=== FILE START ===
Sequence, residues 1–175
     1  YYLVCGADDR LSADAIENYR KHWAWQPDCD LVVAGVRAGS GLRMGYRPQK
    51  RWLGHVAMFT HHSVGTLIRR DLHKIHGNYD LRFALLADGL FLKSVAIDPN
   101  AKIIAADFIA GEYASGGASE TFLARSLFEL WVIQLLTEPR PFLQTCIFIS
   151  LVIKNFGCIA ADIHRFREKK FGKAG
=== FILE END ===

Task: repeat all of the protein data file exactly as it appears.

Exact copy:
Sequence, residues 1–175
     1  YYLVCGADDR LSADAIENYR KHWAWQPDCD LVVAGVRAGS GLRMGYRPQK
    51  RWLGHVAMFT HHSVGTLIRR DLHKIHGNYD LRFALLADGL FLKSVAIDPN
   101  AKIIAADFIA GEYASGGASE TFLARSLFEL WVIQLLTEPR PFLQTCIFIS
   151  LVIKNFGCIA ADIHRFREKK FGKAG